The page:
While symptoms are manageable, those with oral lichen planus should be regularly monitored as they're at higher risk of developing mouth cancer.
At the very least, it's uncomfortable. Sufferers may experience sensitivity to hot, spicy, and acidic foods. Besides this, they could have gingivitis (inflamed gums), as well as bleeding and irritation when brushing teeth. Furthermore, they could have a hard time speaking and eating. Thickened patches on the tongue could be painful, and there could be general pain and a burning sensation.
All these could prove to be debilitating, but especially in severe cases wherein significant pain is present. Possible complications include nutritional deficiency, weight loss, mental strife, scarring from lesions that eroded, secondary infections, and oral cancer.
There's no cure since it's a chronic condition, so treatment is basically about managing the symptoms, such as healing lesions and reducing pain and discomfort. The following are some of the most recommended remedies for addressing the symptoms:
Considering that oral lichen planus is an autoimmune condition, sufferers may also be prescribed medication that directly deals with the body's immune response. It generally comes in the form of topical calcineurin inhibitors, which are typically used for preventing the rejection of organ transplants. While these have shown to be effective against oral lichen planus, they do have an FDA warning about their association with cancer.
Of course, when a trigger for oral lichen planus is pinpointed, it can be directly addressed, and the condition may be more efficiently treated. For instance, if an allergen is the trigger, exposure to it can be avoided. Or if stress is the culprit, stress management techniques can be applied.
Since there are people who prefer more natural remedies, some alternative treatments may also be used to battle oral lichen planus. Because of its successes in helping with autoimmune diseases, much hope has been placed on the potential of green tea in treating the condition.
Studies on the efficacy of green tea in oral lichen planus are still ongoing, especially with the use of green tea buccal tablets in managing the condition, but results thus far have been favorable and promising. This only fortifies the argument for regular consumption of green tea. In any case, sufferers of oral lichen planus may also reinforce a green tea habit with good oral hygiene, the proper diet, avoidance of irritants, stress management, and regular visits to the doctor for consistent monitoring of the condition.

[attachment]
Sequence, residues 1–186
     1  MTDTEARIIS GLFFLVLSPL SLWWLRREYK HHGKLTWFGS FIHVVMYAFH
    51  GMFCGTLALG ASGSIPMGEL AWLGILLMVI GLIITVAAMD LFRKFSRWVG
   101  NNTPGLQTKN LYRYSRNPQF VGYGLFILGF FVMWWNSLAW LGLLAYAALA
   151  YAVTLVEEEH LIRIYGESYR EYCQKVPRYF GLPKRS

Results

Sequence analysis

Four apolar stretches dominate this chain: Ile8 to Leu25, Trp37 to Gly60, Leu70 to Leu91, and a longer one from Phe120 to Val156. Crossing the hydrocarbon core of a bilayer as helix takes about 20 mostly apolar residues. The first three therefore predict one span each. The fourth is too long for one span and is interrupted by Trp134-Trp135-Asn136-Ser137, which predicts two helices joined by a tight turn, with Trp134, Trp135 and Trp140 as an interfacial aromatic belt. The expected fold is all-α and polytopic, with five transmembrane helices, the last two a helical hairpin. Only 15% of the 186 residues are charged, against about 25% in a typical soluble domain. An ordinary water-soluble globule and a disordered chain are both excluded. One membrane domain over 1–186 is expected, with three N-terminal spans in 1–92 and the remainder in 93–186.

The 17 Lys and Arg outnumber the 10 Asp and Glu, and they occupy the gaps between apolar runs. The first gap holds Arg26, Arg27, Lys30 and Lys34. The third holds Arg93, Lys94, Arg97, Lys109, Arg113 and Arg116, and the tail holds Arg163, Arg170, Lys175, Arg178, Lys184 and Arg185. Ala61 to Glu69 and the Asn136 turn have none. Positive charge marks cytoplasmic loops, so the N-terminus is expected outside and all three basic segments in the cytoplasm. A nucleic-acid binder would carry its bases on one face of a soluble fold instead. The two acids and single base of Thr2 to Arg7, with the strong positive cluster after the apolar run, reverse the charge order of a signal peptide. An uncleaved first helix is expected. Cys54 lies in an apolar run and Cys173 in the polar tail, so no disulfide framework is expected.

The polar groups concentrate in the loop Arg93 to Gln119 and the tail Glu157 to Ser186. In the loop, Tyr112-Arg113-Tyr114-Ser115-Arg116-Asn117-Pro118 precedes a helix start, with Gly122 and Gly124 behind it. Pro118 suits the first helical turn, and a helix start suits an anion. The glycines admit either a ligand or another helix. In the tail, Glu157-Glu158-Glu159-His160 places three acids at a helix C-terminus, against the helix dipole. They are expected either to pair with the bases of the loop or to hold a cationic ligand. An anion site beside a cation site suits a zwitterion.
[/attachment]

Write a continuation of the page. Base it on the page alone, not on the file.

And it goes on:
If you have ever thought that Green Tea is an “acquired taste” or that it is “too bitter” to enjoy, we’re here to change your mind! We want everyone to experience the health benefits of Green Tea and show you that this can be an amazing, refreshing, and delicious drink when made correctly. With just a few tips on how to brew this powerful leaf we can change your mind about the taste and enjoyment of drinking Green Tea.
Don’t miss out on the health benefits of tea!
We know that you will love these tips for brewing tea and getting the most flavor and elegance out of every cup. Sign up for the Free Japanese Green Tea Club and get this great informative manual on brewing green tea. You will learn what it is that makes it one of the most popular beverages in the world.
Sign up for Green Tea Club to Get The Two Books for Free.
Sign up free to Green Tea Club to get tips and exclusive articles about how to use your matcha and green tea for a healthy lifestyle. Green Tea Club is hosted by Kei Nishida, Author of Cook with Matcha and Green Tea and CEO of Japanese Green Tea Company.
Get free E-book "Green Tea Science – 12 Scientific Tips for Brewing Green Tea To Taste Better" By Kei Nishida - Value $9.99
Get free E-book "Matcha Lover's 21st Century Recipe Collection" By Kei Nishida (42 pages recipe book) - Value $9.99
Get immediate access to 10% Off coupon for your first order and access to Exclusive Coupons and Specials - Value $50+